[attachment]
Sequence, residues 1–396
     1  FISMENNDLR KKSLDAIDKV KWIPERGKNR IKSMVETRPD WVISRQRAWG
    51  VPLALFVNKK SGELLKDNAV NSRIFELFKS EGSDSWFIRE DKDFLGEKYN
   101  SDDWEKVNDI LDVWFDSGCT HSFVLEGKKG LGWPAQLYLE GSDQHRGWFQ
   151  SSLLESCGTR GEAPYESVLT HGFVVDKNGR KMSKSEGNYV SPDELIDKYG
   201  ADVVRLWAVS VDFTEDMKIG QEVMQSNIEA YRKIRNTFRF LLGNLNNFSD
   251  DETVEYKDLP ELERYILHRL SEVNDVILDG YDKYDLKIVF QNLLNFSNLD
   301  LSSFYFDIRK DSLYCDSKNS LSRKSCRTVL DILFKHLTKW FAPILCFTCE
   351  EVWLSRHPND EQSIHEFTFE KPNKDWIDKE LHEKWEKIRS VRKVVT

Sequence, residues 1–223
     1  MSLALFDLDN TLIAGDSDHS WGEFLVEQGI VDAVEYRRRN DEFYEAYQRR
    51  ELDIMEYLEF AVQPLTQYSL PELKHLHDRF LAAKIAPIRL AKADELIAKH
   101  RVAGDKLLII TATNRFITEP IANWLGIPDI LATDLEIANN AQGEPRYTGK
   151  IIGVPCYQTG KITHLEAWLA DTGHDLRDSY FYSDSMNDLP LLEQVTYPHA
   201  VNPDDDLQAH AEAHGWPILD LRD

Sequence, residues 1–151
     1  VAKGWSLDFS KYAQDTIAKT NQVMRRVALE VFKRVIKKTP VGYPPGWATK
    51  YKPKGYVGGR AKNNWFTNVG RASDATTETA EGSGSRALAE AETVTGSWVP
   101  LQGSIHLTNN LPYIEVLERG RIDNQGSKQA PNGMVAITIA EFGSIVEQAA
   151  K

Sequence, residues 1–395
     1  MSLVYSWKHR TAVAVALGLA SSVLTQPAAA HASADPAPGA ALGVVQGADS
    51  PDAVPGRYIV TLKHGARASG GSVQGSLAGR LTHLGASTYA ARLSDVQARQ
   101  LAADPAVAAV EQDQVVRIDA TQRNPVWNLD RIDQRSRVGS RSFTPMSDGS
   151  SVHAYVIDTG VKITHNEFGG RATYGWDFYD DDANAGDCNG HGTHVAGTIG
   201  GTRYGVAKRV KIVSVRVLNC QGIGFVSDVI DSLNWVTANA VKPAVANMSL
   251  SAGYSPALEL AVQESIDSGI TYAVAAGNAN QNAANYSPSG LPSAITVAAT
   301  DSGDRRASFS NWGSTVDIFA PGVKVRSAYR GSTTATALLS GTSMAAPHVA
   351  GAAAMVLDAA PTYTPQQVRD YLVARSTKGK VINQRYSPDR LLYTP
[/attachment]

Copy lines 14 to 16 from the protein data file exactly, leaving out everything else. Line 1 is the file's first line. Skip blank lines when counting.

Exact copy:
   151  IIGVPCYQTG KITHLEAWLA DTGHDLRDSY FYSDSMNDLP LLEQVTYPHA
   201  VNPDDDLQAH AEAHGWPILD LRD

Sequence, residues 1–151